PEMBROKE — The 4th annual Lumbee Film Festival returns to the big screen with 18 new films directed by indigenous filmmakers screening over two days at the Thomas Entrepreneurship Hub on Main Street. This year’s festival is presented by the North Carolina Museum of Art and includes live music, film, food, and fellowship.
The festival opens on Friday, Sept. 17 with an outdoor screening of “RUMBLE: The Indians Who Rocked the World,” an electrifying look at the Native American influence in popular music — despite attempts to ban, censor and erase Indian culture. The film reveals how early pioneers of the blues and jazz had Native American roots, and how artists like North Carolina’s own Link Wray helped to define its evolution and forever changed the trajectory of rock and roll.
Before the film, Robeson County native and Lumbee Tribe member Charly Lowry will perform a mixture of her well-known songs along with new works. Lowry appears in “RUMBLE” along with mentor Pura Fé and many other well known Lumbee musicians. Lowry first gained international recognition as a semi-finalist on American Idol in 2004 but has since built a following for her unique, energetic and captivating performances. She is also active as an advocate for Native rights and women’s rights.
According to the festival’s founding director Kim Pevia, “Each year the Lumbee Film Festival gets better and better. I am so excited about this year’s line up of short and feature films. Some are traditional and some have us thinking out of the box. Some are local and some are far away. Just like in real life. Something for everyone. Come join us. You will be glad you did.”
The festival is organized through a partnership between the Lumbee Tribe of North Carolina and the Cucalorus Film Foundation with the goal of showcasing films made by American Indians while raising awareness about the legacy of indigenous artists.The festival creates a platform for emerging Native artists, especially those working in the Southeastern United States.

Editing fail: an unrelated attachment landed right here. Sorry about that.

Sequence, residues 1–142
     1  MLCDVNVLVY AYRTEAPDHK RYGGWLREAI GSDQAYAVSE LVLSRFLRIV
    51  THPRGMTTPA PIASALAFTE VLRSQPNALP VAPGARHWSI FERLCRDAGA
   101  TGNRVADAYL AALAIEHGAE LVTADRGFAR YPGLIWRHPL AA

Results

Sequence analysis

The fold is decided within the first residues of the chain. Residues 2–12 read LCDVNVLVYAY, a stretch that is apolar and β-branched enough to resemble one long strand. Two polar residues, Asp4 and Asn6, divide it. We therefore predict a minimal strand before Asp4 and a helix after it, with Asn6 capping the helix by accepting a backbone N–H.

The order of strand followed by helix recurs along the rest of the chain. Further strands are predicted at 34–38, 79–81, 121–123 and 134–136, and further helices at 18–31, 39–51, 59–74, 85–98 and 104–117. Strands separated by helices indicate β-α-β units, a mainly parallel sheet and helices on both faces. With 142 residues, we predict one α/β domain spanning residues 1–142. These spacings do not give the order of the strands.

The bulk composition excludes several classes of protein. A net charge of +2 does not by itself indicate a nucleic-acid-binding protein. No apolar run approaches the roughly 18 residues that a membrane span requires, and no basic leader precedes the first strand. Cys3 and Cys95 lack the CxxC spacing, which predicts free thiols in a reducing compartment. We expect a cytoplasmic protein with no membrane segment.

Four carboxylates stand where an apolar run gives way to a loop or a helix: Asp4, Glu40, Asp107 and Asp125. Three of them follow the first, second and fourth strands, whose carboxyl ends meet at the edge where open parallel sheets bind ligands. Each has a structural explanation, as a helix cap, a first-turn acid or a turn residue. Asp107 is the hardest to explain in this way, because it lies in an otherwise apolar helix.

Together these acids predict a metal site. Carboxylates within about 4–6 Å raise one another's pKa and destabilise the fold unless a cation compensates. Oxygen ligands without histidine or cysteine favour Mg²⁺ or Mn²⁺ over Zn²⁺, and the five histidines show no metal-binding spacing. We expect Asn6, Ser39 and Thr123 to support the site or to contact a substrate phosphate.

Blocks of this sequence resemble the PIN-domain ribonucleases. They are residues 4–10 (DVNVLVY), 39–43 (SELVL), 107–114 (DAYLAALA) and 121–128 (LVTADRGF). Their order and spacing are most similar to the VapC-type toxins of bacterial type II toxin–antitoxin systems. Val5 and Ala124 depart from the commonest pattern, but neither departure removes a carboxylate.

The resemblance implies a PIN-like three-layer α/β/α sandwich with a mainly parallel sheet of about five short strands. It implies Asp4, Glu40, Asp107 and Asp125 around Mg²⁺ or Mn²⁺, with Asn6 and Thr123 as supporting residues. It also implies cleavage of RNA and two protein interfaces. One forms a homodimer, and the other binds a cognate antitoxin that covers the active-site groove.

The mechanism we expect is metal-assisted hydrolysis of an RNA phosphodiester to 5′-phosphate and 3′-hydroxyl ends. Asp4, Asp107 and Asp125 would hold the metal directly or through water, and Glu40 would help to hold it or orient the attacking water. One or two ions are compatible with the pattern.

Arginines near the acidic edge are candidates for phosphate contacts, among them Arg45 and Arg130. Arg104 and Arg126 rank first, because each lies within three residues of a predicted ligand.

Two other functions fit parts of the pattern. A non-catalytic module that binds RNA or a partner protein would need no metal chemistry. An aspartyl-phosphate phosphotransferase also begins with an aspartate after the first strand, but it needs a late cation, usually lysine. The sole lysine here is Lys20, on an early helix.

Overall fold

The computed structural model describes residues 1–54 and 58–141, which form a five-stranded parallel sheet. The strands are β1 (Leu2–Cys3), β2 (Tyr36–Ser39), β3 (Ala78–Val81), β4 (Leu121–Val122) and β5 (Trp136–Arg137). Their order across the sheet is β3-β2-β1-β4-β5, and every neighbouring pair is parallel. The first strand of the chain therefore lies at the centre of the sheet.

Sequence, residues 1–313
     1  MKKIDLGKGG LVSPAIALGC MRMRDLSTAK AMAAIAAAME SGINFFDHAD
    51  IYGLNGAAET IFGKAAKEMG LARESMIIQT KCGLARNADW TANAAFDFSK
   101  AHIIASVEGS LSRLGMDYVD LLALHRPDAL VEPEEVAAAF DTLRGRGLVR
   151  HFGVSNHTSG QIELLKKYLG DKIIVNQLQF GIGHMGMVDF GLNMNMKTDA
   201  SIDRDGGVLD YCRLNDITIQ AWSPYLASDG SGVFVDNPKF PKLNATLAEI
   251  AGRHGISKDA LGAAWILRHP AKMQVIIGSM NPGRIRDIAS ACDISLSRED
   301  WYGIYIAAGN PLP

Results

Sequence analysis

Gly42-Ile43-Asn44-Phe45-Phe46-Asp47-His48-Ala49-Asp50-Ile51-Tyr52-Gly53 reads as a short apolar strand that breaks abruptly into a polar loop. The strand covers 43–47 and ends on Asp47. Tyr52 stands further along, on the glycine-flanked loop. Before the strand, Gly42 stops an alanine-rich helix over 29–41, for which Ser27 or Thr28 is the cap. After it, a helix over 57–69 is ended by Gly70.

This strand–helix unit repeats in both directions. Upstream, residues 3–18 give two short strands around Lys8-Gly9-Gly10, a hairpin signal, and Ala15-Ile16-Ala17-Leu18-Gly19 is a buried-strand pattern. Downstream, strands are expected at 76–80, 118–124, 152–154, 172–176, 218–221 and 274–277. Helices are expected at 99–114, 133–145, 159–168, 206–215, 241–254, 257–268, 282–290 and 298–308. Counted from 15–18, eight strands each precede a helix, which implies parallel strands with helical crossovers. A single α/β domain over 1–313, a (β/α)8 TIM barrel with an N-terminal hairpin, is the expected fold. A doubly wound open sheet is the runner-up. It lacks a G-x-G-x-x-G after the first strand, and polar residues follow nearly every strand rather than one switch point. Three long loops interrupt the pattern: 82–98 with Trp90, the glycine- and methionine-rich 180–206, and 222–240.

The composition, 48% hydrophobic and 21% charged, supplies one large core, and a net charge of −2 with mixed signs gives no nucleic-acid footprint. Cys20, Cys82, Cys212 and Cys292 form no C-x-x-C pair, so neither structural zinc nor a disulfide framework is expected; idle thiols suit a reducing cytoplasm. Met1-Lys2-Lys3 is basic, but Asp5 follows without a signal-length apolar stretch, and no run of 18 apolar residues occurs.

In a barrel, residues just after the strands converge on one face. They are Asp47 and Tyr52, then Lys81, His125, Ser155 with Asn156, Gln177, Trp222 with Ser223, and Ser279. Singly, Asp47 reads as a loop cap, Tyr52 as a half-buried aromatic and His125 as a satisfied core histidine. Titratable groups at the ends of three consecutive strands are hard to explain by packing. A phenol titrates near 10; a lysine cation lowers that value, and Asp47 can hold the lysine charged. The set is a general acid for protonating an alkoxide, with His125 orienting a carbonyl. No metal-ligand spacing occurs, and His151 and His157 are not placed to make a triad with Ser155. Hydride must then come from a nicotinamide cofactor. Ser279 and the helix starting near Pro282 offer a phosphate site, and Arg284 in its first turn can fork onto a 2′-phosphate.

Three shorts blocks will screen at the Thomas Entrepreneurship Hub on Saturday starting at 2 p.m. with the “The Sun Shines, The Water Flows” shorts block which includes films by Lumbee youth like “Climate Change” made through the Unlocking Silent Histories project as well as films from the Wapikoni Mobile collective from Canada who use media to raise awareness about Indigenous cultures, issues and rights.
The “Roots Run Deep” shorts block starts at 3:30 p.m. and includes the poetic and observational documentary “Concrete 49” by LFF Alum Justin Deegan. The short is a subtle and effective examination of the lives of indigenous people living in New York City. The “All My Relations” shorts block brings together five dramatic works to close out the afternoon’s survey of short form indigenous cinema.
A special screening of “The Trancscenders,” a feature film by Montana Cypress (Miccosukee Tribe of Indians of Florida) will be screened immediately following an awards ceremony at 8 p.m. on Saturday, Sept. 18 at the Thomas Entrepreneurship Hub. The film follows the struggles of two brothers who find a remedy that promises to “transform their primitive behavior” as they transition from life in the city which differs greatly from their upbringing on the reservation.
For tickets, passes, and the full festival schedule visit https://www.cucalorus.org/lumbee-film-festival/. The Lumbee Film Festival is a partnership between the Lumbee Tribe of NC, Cucalorus Film Foundation, ARRAY, SouthArts and the NC Arts Council.